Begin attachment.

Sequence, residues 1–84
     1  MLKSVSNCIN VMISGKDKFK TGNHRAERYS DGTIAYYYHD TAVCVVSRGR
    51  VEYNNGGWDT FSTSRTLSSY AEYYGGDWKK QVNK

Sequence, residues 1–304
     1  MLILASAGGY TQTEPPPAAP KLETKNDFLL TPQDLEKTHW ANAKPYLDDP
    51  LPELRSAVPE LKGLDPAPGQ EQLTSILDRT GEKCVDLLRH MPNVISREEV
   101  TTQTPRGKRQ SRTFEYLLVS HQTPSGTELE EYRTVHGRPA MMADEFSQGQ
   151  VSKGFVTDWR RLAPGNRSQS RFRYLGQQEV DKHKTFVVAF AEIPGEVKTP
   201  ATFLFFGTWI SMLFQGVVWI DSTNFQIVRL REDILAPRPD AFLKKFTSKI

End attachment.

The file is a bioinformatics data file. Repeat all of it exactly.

Sequence, residues 1–84
     1  MLKSVSNCIN VMISGKDKFK TGNHRAERYS DGTIAYYYHD TAVCVVSRGR
    51  VEYNNGGWDT FSTSRTLSSY AEYYGGDWKK QVNK

Sequence, residues 1–304
     1  MLILASAGGY TQTEPPPAAP KLETKNDFLL TPQDLEKTHW ANAKPYLDDP
    51  LPELRSAVPE LKGLDPAPGQ EQLTSILDRT GEKCVDLLRH MPNVISREEV
   101  TTQTPRGKRQ SRTFEYLLVS HQTPSGTELE EYRTVHGRPA MMADEFSQGQ
   151  VSKGFVTDWR RLAPGNRSQS RFRYLGQQEV DKHKTFVVAF AEIPGEVKTP
   201  ATFLFFGTWI SMLFQGVVWI DSTNFQIVRL REDILAPRPD AFLKKFTSKI